Identity theft experts and elections officials are on guard for a new type of cybersecurity threat - one that stands not just to rob you of your personal information, but undermine your faith in the election.
Have you seen one? A text message purporting to be from the U.S. Postal Service or the election office? They're made to look like the real thing, but they’re not.
Last week, NBC 7 Investigates showed you how to track your ballot by signing up for text notifications.
Even then, Kim Alexander with the California Voter Foundation worried bad actors might capitalize on this new statewide voter service.
“One issue that’s been discussed on one of the election security lists that I’m on is the potential for somebody to spoof this service,” said Alexander in an interview last Friday. “Or alarm voters with messages that are fraudulent.”
And sure enough, with ballots in the mail, phishing texts are coming in. Some say they’re from the USPS. Others might say they’re from the Registrar of Voters asking you to take a survey or re-register to vote.
“Those are largely fake,” said James Lee with the Identity Theft Resource Center. “They’re an attempt to get you to render your information.”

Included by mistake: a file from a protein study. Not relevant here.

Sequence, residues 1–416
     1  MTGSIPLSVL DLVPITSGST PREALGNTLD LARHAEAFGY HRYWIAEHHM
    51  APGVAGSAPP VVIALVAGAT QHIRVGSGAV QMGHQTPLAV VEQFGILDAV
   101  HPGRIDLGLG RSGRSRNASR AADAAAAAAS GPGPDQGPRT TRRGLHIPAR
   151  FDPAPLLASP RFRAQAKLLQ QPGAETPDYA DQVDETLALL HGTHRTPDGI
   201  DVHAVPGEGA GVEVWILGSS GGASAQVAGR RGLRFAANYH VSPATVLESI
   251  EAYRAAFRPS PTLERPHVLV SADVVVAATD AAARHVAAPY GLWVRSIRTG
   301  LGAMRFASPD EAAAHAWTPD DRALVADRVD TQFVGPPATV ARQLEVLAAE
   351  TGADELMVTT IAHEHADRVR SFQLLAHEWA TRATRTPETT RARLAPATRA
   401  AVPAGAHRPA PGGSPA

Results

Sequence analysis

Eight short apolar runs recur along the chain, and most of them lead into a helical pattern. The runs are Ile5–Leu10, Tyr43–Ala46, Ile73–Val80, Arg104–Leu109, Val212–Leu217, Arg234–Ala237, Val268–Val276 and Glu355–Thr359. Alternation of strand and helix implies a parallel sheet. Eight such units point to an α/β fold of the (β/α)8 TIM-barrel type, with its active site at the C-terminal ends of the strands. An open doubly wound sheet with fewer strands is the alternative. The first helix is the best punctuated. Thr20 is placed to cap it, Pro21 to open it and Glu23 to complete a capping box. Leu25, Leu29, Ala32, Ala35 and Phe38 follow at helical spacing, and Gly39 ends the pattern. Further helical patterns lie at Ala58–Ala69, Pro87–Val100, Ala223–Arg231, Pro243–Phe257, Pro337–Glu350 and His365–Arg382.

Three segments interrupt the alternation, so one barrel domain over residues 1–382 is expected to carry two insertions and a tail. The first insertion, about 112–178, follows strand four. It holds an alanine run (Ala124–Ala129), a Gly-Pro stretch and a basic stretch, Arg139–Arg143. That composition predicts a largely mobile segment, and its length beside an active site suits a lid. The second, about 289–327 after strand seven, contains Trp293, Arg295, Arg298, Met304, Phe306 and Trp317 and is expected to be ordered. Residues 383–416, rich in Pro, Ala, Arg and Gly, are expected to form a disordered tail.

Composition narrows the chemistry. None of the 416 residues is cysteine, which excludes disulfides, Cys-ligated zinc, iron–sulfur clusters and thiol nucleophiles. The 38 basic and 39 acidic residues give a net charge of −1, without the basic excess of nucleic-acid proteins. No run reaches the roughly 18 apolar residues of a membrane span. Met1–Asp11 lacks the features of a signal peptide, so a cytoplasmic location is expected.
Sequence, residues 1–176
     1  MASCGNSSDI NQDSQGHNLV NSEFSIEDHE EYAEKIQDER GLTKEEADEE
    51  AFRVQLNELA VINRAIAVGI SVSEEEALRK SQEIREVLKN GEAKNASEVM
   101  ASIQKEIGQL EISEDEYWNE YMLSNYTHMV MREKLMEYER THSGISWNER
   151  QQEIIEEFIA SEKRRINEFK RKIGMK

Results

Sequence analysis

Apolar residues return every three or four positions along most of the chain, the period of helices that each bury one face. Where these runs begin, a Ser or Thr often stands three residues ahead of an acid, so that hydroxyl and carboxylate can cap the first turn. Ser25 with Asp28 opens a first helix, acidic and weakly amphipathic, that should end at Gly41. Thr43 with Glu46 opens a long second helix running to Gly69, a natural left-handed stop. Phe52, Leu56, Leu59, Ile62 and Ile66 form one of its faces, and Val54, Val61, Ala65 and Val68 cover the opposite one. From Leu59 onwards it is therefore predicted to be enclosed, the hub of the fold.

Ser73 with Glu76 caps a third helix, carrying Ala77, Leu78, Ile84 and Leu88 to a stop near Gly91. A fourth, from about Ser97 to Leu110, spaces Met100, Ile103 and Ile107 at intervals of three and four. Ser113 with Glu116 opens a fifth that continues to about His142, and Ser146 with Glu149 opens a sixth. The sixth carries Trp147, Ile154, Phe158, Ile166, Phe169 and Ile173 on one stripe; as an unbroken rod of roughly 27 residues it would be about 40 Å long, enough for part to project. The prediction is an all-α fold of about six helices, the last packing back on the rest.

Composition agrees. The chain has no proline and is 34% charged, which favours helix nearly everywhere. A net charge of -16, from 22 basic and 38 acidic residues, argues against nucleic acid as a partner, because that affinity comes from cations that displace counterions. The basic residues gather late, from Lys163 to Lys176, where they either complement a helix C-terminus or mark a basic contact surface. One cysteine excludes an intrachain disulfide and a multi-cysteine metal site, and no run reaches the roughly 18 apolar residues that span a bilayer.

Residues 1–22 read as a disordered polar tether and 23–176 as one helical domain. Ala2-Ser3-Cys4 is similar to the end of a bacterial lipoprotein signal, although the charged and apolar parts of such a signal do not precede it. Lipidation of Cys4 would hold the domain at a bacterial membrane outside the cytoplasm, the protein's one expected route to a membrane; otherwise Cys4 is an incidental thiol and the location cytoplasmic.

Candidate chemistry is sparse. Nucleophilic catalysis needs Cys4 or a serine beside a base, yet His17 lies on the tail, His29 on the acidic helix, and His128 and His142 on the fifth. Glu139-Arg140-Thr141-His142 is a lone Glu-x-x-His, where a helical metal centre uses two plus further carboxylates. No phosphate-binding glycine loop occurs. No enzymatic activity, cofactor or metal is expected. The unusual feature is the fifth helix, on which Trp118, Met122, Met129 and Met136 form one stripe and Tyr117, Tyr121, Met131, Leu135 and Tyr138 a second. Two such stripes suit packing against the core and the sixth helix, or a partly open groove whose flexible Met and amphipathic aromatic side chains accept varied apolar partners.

Lee said it’s no coincidence some of these texts look an awful lot like the ballot tracking service texts.
“They are similar,” Lee said. “And they are intended to confuse people. They’re intended to make it look like this is real.”
“There’s risk to you personally,” added Lee. “And in this case, because we’re talking about an election, there’s risk to our society. There’s risk to our country.”
On Thursday morning I - NBC 7 reporter alexis Rivas - recieved a text from someone pretending to be from the USPS offering a gift if I complete a survey.
And last Sunday, I got a legitimate text from the Registrar of Voters alerting me that my ballot was in the mail and on the way to me.
They look similar, but there are a few key differences letting you know what's real and what's not. Check out this email address provided in the real text: it ends with a “.gov” not some jumble of letters.
And if you scroll up on the text thread, you’ll see it starts with me confirming the text service. All texts regarding your ballot should be attached to the same thread.
So if you get texts from separate numbers, chances are high it’s phony.
Michael Vu with the Registrar of Voters said there are two simpler tells:
- The elections office will NEVER text you with details about who you vote for – that information is private and even the folks at the Registrar of Voters don’t know how you vote
- It’s illegal to offer any incentives for voting at all, especially for a particular candidate, so if you get a text offering you a prize, you know it’s definitely a scam.
“Give our office a call at (858) 565-5800 and we will let you know if it is sanctioned by us or if it is not sanctioned by us,” said Vu.
“Every voter should be on guard,” he said. “Everyone wants to protect their respective ballot."
It appears a lot of people have signed up to track their ballots. According to Alexander, as of this morning 1.6 million Californians have signed up for the ballot tracker service.